Paul L. Caron

Saturday, November 19, 2022

With Stanford, Columbia And Georgetown, 6 Of The T14 Refuse To Participate In The U.S. News Law School Rankings

Jenny S. Martinez (Dean, Stanford), Stanford Law School Will Not Participate in US News Law School Ranking:

Stanford Law (2022)Stanford Law School has made the decision to withdraw from the US News law school ranking. US News and other rankings have long been a topic of conversation and internal study by our faculty at SLS. We know that well-formulated rankings, along with other publicly available data, can provide a valuable service to prospective students. In the spirit of providing useful information to prospective students and improving the ability of law schools to do their best for students, we have been one of a number of law schools who have approached US News over time with concrete suggestions to improve its ranking methodology, to no avail.

Stanford Law has stood near the very top of the rankings for many years, and we are lucky to be in a position where the rankings do not significantly affect our decisions.  However, we agree with many of the points that other schools have presented about how the rankings methodology distorts incentives in ways that are harmful to legal education as a whole. For example, the US News ranking methodology inappropriately discourages public service by treating students whose schools provide fellowships to support such work much the same as it treats students who are unemployed. In a world where interdisciplinary expertise is increasingly important, it also treats students pursuing another advanced degree, such as an MBA or PhD, as unemployed. The ways in which it weights per-student expenditures and measures debt, including excluding schools’ public service loan repayment programs, further distorts incentives in ways that act against students’ interests. Stanford Law School is proud to be one of the few law schools that offers exclusively need-based financial aid, and believes more schools across all tiers of legal education would be able to emphasize need-based financial aid, admit students from all walks of life, and keep expenditures down if the rankings methodology were different.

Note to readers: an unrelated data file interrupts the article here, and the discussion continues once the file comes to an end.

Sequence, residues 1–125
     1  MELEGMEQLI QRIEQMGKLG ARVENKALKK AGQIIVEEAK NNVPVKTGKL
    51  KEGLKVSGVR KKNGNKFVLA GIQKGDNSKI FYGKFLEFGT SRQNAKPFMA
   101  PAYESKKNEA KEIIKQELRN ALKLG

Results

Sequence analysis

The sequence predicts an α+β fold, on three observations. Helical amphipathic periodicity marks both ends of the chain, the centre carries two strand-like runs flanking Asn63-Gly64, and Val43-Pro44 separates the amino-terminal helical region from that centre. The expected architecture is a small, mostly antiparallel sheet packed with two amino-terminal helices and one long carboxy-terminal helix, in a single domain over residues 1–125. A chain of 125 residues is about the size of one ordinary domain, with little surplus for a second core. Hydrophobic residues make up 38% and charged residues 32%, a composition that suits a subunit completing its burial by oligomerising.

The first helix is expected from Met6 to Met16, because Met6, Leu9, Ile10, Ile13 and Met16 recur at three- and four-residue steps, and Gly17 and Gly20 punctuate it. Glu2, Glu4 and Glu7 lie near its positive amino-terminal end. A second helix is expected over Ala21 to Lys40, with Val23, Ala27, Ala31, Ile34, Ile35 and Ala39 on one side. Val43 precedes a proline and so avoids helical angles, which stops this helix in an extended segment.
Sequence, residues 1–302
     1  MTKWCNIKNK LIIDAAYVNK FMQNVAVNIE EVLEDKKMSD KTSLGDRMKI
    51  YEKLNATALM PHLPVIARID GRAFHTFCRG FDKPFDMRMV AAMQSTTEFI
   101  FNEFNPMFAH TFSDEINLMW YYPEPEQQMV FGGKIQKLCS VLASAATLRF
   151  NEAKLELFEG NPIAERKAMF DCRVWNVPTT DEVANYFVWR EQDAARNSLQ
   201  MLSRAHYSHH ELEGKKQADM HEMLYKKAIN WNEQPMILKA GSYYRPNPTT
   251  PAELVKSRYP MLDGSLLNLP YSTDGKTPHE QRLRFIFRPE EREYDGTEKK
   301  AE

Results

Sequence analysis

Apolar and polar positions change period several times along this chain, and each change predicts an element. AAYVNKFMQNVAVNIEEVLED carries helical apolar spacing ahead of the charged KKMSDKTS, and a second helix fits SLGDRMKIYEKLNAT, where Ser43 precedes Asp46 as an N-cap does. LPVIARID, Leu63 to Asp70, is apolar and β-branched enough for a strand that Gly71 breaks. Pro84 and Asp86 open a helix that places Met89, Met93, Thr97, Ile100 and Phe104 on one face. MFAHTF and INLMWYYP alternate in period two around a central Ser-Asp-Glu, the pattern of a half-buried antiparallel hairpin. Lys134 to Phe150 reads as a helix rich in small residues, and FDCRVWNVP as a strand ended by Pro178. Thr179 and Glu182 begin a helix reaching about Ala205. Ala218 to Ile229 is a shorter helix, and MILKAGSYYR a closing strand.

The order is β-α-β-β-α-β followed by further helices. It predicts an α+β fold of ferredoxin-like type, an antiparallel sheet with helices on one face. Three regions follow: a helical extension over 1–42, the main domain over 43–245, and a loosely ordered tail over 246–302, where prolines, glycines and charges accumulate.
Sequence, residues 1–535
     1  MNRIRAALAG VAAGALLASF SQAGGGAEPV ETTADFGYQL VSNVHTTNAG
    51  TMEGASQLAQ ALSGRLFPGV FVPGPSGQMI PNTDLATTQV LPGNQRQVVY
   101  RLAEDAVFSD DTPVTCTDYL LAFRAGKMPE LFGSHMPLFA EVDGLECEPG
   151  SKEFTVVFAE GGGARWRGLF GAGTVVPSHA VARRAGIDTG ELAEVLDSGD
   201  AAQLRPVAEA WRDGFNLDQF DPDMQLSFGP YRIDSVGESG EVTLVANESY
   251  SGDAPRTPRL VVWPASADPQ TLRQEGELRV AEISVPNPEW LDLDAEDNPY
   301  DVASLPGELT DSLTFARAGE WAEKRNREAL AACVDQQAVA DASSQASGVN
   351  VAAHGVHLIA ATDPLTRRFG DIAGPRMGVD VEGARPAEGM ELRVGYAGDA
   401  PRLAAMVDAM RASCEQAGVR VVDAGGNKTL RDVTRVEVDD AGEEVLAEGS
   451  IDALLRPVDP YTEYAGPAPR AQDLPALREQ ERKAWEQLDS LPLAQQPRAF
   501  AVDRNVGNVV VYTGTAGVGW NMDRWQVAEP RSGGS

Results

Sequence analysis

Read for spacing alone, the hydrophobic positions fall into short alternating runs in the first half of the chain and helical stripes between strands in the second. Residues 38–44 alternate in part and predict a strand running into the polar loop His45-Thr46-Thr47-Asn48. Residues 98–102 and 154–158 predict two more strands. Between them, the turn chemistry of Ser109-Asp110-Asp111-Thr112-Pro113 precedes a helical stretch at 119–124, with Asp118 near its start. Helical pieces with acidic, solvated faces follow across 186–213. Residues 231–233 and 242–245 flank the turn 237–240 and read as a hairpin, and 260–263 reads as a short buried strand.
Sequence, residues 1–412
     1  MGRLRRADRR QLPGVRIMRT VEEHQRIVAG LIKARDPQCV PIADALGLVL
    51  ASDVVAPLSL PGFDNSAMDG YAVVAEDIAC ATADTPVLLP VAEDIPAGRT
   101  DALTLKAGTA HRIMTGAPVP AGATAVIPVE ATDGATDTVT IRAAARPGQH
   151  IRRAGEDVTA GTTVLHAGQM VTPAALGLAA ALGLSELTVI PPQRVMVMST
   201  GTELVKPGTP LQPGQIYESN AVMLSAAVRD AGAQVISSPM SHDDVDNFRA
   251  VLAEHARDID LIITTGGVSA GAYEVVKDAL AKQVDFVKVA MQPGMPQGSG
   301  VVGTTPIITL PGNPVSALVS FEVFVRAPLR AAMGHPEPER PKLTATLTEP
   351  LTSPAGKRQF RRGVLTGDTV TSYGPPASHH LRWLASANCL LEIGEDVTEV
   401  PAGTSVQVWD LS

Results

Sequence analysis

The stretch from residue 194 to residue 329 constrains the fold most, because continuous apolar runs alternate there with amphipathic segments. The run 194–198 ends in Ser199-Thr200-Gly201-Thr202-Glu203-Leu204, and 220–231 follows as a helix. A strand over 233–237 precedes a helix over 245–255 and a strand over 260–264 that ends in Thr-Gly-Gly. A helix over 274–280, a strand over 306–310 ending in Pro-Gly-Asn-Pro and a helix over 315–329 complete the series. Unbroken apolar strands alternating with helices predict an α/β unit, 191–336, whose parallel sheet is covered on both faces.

By joining with the other schools that have chosen to withdraw from participation in the US News rankings this year, we hope to increase the chances that the methodology is seriously overhauled, not only to reduce perverse incentives but to provide clearer and more relevant information that prospective students would find genuinely useful in making decisions about which law schools best match their interests and needs. In the meantime, we will be compiling data that we hope will be considerably more transparent and usable than the information that US News provides and will better help applicants determine whether SLS meets their educational and career aspirations. 

Gillian Lester (Dean. Columbia), Columbia Law Will Not Participate in U.S. News Rankings:

Columbia (2017)Since its founding, Columbia Law School has been a leader in legal scholarship, education, and practice—an engine of inquiry and knowledge creation, a catalyst for pedagogical innovation and experiential learning, a launching pad for careers at the pinnacle of the profession. The values that guide our approach make us distinctive, and the vibrancy and diversity of our community set us apart.

This was as true more than 30 years ago, when U.S. News & World Report began to rank law schools, as it is today. It will be as true tomorrow as it will be generations from now. The excellence that has characterized a Columbia Law education—and the impact our graduates have around the world—has never depended on validation from U.S. News or any other media outlet.

The flaws in the U.S. News law school ranking system have been a source of concern for many years throughout the legal academy. Overall, the methodology creates incentives that work against schools’ interest in attracting and retaining classes of students with a broadly diverse set of qualities and experiences, and in supporting the widest possible array of career choices for their graduates—whether in the private sector, in public interest and government organizations, or in academia.

After careful consideration, it is clear that the case in favor of Columbia’s continued involvement has become increasingly weak. The potential benefits to be gained from continuing to share data with U.S. News are far outweighed by the constraints the rankings place on our ability to freely pursue our core scholarly, pedagogical, and programmatic objectives.

We have decided, therefore, not to participate in the U.S. News rankings.

U.S. News coverage:


U.S. News Response to Boycott

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